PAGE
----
The Birmingham-born 25-year-old had been capped six times at under-21 level for the Republic of Ireland before opting to represent the Three Lions in 2015.
The decision caused a backlash against Grealish from the nation he had left behind and the wisdom of the call could have been questioned given he had to wait five years to make his senior England debut.
But the Aston Villa captain would ultimately be vindicated when he was called up by Gareth Southgate for the Nations League double-header against Iceland and Denmark last September.
He would make his bow against the latter and has since gone on to win seven caps and be selected in Southgate’s squad for the European Championship.
Asked if he felt turning down a senior Republic of Ireland call-up now felt worthwhile, Grealish replied: “As I got older, I started playing obviously at Villa, in the first-team, I broke through.
“And there was a time when I thought: ‘obviously I am English, my parents were born in England, I was obviously born in England, so I feel English’.
“So yes, I obviously changed to England and since then I never looked back.
“I’ve enjoyed every moment that I’ve had here. And I wouldn’t be here today if I didn’t.”
Grealish also recounted a story of how and why he had initially chosen to play for the Republic of Ireland – having qualified through his grandparents.
“When I was young, I got asked to play for England and Ireland at a tournament,” he said. “I got asked to play for both, I went away to play for England, I was in my room and I collapsed, the day before we were meant to be training and I got sent home.
“I was just in the bathroom and I woke up on the floor.
“I don’t actually know what happened, I don’t know if it was nerves or whatever, I’m not actually too sure, but the next day I was obviously fine, ready to go and train, but obviously for medical reasons I couldn’t.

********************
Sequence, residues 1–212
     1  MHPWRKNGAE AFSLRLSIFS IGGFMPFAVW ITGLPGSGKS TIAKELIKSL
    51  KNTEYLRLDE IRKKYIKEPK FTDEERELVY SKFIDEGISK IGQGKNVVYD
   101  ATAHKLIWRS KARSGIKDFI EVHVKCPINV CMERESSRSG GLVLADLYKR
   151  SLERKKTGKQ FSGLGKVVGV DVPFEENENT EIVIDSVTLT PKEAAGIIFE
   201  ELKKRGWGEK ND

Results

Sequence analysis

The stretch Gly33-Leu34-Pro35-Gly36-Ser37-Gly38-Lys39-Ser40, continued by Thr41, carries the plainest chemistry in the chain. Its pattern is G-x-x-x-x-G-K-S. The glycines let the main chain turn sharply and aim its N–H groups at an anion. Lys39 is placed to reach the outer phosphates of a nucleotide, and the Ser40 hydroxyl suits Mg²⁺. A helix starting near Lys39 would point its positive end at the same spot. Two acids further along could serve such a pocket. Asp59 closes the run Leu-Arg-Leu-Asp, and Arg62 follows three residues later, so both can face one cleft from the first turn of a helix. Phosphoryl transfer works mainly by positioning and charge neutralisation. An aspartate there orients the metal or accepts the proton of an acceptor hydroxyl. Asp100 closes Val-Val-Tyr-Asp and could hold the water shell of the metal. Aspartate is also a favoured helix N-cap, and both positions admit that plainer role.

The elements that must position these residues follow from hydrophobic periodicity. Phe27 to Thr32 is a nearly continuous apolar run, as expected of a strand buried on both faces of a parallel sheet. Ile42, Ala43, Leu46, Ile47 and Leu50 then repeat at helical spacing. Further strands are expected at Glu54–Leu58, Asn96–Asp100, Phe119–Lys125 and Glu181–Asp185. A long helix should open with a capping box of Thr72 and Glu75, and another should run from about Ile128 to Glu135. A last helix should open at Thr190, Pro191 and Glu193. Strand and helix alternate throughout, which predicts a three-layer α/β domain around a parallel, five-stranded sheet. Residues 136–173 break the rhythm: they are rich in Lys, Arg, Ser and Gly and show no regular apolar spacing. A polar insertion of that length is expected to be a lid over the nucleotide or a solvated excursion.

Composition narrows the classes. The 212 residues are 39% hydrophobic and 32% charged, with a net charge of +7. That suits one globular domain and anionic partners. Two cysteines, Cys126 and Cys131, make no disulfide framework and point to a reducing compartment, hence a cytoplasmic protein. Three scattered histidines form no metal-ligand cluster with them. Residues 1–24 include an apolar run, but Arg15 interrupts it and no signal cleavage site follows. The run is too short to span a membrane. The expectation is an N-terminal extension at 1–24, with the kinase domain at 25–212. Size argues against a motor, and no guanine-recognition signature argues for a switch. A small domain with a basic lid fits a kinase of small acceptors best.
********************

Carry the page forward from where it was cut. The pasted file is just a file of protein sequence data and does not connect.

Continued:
“Then during that time I went to Ireland to trial there and I played and I just loved it.
“That’s one thing that I’ve always said, when you’re younger you just do what makes you happy. And I loved every moment that I had there. I was just a young kid enjoying my football.”
Grealish, who started both Euro 2020 warm-up wins last week, is one of 11 players in Southgate’s 26-man squad with less than 10 caps.
But he believes the mixture of young talent and those who experienced the heartache of being knocked out of the 2018 World Cup at the semi-final stage could be a perfect mix.
“I think it could definitely help, because I think we still have the experience there,” he said of the youthful nature of the squad. “There’s so much experience in the side at the moment that was in Russia in 2018. (John) Stones, Harry Maguire, Hendo (Jordan Henderson), Harry (Kane) up top, Raheem (Sterling).
“So you still have all that experience. Then you have a blend of youngsters coming through with Jude Bellingham, Bukayo (Saka).
“I think we have a young squad actually, I think I read someone say that we’re one of the youngest in the tournament if not the youngest and I think that can help us. We have a bit of both so fingers crossed it does.”
Croatia were the side to end England’s hopes three years ago and they will be the opposition for the opening game of Group D at Wembley on Sunday – a game which could see Grealish keep his place in Southgate’s side.
“I don’t really think it is a question of doing enough,” he replied when asked if his eye-catching performances in the warm-up games will see him play against Croatia. “You only really have to look at the players in my position, most of them have just come back from playing in the Champions League and Europa League final, whereas I’ve been injured for a while.
“The competition is there, but I think it is nice competition to have. I don’t think it is a matter of have I done enough to start, I’ll be ready when called upon.”
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